the law of demand state that at a higher price less is demanded and at low price more is demanded
the law supply state that at a higher price more is demanded and at a low price less is demanded
THE LAW OF DEMAND states that, All other things being equal, at a higher price, consumers demand less and at a lower price more is demanded. THE LAW OF SUPPLY states that, All other things being equal, producers produce more quantity at a higher price and less at a lower price.
what is the law of diminishing returns?
the of diminishing returns state that the continues addition of fixed to a variable factor of production may lead to an increase in marginal production but at a point in time marginal production may diminished or falls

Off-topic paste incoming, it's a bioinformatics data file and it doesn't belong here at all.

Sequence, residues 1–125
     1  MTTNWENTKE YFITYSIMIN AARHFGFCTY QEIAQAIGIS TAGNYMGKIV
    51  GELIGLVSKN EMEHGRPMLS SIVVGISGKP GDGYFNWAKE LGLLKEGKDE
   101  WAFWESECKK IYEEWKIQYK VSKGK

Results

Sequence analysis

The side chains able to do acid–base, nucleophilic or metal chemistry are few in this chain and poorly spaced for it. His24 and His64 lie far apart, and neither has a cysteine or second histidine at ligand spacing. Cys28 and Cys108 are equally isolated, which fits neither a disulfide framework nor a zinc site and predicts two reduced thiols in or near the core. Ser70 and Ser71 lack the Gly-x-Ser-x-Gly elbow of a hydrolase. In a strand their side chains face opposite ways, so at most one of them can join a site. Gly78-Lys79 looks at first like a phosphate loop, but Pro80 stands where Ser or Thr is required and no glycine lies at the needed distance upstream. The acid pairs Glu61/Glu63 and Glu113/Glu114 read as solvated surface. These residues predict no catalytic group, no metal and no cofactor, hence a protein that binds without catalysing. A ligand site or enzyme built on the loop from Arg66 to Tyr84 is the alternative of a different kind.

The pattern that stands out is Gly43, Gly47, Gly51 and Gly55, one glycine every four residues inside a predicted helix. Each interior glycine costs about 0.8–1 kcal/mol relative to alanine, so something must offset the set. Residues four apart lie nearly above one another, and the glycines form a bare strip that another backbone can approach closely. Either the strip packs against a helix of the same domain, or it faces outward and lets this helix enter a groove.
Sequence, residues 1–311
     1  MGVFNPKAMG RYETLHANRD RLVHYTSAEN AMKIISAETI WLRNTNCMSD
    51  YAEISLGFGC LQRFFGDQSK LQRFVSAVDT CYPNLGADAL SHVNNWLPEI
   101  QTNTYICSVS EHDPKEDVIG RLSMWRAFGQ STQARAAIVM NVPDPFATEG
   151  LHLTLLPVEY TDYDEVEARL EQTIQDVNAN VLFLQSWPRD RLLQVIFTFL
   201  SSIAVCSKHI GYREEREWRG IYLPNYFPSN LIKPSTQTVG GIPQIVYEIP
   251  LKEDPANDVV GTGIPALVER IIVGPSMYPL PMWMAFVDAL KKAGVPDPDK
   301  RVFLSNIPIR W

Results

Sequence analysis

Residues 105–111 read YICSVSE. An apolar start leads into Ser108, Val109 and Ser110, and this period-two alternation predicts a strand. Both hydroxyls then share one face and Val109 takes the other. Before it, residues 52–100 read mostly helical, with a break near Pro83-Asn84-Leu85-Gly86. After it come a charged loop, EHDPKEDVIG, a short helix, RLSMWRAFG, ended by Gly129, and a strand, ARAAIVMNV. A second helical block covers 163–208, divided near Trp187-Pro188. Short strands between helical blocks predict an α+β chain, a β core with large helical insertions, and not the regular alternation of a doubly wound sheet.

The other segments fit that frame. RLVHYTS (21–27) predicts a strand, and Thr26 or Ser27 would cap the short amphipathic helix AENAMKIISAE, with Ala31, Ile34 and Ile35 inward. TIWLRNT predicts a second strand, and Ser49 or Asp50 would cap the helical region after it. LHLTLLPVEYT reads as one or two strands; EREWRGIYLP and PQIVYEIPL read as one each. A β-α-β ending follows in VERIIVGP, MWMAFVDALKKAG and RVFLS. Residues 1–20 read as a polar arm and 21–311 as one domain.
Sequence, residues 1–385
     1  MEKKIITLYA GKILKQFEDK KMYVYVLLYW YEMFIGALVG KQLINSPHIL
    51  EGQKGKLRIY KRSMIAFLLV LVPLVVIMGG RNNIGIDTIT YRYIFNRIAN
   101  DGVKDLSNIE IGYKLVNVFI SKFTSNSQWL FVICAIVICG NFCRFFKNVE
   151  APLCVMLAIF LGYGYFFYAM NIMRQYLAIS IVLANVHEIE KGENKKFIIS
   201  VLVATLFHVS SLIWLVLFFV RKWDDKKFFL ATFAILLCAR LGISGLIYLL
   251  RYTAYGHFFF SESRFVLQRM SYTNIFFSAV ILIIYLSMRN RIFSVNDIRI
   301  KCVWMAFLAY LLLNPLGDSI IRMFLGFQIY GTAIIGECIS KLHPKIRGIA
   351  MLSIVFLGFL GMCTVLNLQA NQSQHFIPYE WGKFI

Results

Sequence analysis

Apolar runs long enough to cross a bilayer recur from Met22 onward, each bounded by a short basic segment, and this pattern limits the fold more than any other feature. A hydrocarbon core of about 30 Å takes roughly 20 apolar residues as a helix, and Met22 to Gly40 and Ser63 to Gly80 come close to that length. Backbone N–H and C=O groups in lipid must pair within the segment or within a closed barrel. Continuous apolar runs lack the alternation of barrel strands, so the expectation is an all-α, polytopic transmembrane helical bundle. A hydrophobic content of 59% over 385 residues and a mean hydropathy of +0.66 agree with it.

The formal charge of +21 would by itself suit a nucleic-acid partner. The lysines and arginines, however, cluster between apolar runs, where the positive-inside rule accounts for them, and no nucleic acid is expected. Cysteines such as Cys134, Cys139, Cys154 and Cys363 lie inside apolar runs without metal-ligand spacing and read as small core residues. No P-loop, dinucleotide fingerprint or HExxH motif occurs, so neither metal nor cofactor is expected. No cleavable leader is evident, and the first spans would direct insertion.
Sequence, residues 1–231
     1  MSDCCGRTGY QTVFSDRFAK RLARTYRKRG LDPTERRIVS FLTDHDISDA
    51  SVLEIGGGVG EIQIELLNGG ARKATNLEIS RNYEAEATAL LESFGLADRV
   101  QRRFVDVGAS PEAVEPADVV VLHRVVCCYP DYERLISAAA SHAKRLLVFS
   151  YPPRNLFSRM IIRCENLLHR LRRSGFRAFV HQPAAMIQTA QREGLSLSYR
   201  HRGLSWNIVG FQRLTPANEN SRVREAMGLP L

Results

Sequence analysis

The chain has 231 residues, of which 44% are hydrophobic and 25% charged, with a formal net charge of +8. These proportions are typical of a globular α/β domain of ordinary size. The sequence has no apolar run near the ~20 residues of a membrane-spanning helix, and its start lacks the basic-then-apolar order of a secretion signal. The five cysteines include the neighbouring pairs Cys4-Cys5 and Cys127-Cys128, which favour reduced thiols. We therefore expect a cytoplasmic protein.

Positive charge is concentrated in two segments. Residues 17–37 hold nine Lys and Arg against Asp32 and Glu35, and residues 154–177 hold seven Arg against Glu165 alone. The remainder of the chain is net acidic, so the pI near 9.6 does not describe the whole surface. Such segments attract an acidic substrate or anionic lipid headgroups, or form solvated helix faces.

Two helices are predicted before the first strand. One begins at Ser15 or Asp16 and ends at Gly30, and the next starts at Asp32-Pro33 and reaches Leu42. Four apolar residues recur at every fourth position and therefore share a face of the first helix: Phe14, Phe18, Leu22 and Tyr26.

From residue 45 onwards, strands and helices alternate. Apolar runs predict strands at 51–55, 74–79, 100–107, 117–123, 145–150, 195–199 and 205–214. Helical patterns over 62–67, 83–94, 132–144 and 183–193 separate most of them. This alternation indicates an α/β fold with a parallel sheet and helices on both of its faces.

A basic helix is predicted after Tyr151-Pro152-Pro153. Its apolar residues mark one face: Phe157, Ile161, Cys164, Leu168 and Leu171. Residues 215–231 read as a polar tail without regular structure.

what is the equilibrium quantity
Zinna Reply
differentiate between equilibrium and equilibrium point
Leo Robinson's definition
Adejimi Reply
how is equilibrium defined in financial markets?
Babakura Reply
the concept of it
Country A has export sales 20 billion, government purchases 1000billion, business investment is 50 billion, imports are 40billion, and consumption spending is 2000billin. What is the dollar value of GDP ?
Habtamu Reply
What are the method of distribution
what is determination of national income?
Waqar Reply
economic growth
stock of capital
we're RBI keep money with them
Y =C+l
evaluate the success affirmative action as one of south Africa's redress method
Tebatso Reply
what is market equilibrium
explorer Reply
it is a situation in which the supply of an item is exactly equal to it dd .
inder wat condition shld a firm stop production in both short n lungrun ?
what is 2nd degree price discrimination?
what is quantity
what is quantity2
Deji Reply
An indefinite amount of something.
what is the opportunity cost of producing 20 loaves of bread?
what is demand
Kaman Reply
in ordinary sense demand means desire